Lawmakers split over forestry in EU nature restoration law

The European Union aims to adopt a new regulation by the end of the year to restore natural ecosystems but several issues, including forestry, are creating controversy among EU legislators at the moment.

Lawmakers split over forestry in EU nature restoration law

Pictured: Pine trees, Sweden

“My aim above all is to find consensus,” said César Luena, a Spanish socialist lawmaker who is the European Parliament’s rapporteur on the EU’s new nature restoration law tabled in June last year.

“We need to focus on the restoration of nature,” he said at a meeting of the Parliament’s environment committee on Thursday (12 January). “This needs to come from this committee and be moved to the plenary with consensus,” he added.

In June last year, the European Commission tabled a new Nature Restoration Law, which for the first time introduces legally-binding targets to restore degraded land and reverse biodiversity loss.

The plan also includes a €100bn budget for EU member states to restore nature in agriculture, forests, oceans and urban areas.

However, EU countries appear reluctant. During a meeting in December last year, the bloc’s 27 environment ministers voiced concern about several aspects of the proposed regulation, including the lack of flexibility for member states to meet the targets and insufficient available financing.

Debate on targets

In the European Parliament too, right-wing and conservative political groups have been critical of the proposal, which for the first time sets legally-binding targets on member states to restore 20% of the EU’s land and sea area by 2030.

The proposed targets – seven in total – seek to address the issue from several fronts, such as reversing the decline of pollinator populations by 2030, removing river barriers, or stopping the net loss of green urban spaces by 2030.

These are expected to be the main sticking point during negotiations to approve the new law.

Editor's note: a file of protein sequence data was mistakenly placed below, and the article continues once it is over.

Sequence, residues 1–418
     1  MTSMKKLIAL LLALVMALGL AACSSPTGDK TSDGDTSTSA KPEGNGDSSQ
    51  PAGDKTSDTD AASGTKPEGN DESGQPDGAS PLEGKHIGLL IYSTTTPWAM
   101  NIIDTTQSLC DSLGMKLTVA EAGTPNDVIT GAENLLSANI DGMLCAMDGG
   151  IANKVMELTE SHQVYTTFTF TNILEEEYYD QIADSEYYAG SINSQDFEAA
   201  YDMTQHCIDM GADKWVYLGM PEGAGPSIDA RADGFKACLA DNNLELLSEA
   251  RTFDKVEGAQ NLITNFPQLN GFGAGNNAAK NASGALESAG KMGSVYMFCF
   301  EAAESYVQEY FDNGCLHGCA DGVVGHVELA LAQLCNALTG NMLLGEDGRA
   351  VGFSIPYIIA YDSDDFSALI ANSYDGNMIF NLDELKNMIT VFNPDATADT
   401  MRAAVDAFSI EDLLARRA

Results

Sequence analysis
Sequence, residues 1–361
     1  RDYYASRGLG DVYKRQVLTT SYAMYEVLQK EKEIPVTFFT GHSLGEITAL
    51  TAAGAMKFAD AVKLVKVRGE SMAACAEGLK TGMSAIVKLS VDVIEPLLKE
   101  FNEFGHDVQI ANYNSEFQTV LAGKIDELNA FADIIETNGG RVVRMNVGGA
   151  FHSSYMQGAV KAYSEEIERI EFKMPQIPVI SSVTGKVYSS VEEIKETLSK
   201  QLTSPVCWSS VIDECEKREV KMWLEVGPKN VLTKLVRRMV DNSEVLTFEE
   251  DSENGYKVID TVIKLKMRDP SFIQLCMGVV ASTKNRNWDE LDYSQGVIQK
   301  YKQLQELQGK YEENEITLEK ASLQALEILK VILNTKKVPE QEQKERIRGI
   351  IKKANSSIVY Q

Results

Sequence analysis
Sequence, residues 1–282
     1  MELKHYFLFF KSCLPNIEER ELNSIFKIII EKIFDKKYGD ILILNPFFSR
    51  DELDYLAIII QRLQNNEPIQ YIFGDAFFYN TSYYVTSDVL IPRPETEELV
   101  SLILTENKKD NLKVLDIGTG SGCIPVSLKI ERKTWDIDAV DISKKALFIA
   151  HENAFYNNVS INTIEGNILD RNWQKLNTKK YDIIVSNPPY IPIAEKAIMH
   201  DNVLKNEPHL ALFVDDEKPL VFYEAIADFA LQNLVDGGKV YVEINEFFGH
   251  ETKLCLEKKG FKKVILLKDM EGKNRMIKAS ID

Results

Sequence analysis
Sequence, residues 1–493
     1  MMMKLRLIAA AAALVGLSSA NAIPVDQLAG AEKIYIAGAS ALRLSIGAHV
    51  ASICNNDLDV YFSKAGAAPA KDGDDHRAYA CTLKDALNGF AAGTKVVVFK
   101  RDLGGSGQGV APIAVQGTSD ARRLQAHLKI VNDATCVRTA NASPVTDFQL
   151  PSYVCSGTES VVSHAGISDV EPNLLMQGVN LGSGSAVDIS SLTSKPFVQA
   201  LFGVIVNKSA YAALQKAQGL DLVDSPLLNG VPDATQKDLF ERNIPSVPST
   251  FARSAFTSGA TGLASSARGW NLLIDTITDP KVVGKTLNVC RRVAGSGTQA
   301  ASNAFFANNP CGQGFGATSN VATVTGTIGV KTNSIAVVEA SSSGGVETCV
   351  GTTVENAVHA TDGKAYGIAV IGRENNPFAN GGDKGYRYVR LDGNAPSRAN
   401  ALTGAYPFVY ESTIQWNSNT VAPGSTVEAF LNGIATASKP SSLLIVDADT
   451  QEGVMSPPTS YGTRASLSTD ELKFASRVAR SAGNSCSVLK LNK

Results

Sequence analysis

“Everybody knows the Commission’s proposal as it stands will not be supported by the EPP in plenary,” said Peter Liese, a German Christian Democrat lawmaker affiliated with the Parliament’s centre-right European People’s Party (EPP).

According to Liese, more dialogue and coordination is needed with landowners and farmers who will be directly affected by the new law.

There will be “a lot of amendments from the EPP” on the draft report, he warned fellow environment committee members on Thursday.

Others in Parliament want to strengthen the ambition of the proposal. This is the intention for instance of César Luena, the Spanish MEP who is the Parliament’s rapporteur on the proposal. While the draft Nature Restoration Law sets an overarching target of restoring 20% of the EU’s land and seas by 2030, Luena wants to raise this target to 30%, in line with the decision adopted in December at the COP15 UN Biodiversity Conference in Montreal.

Forestry under the spotlight

Another bone of contention is forestry.

If approved in its current form, the new law would commit the EU to legally protect all remaining primary and old-growth forests on its territory. The objective is to achieve an overall increase in biodiversity and a positive trend for forest connectivity, deadwood, share of uneven-aged forests, forest birds and stock of organic carbon. 

But some MEPs argue the Commission’s proposal ignores the regional diversity of forests and their socioeconomic role.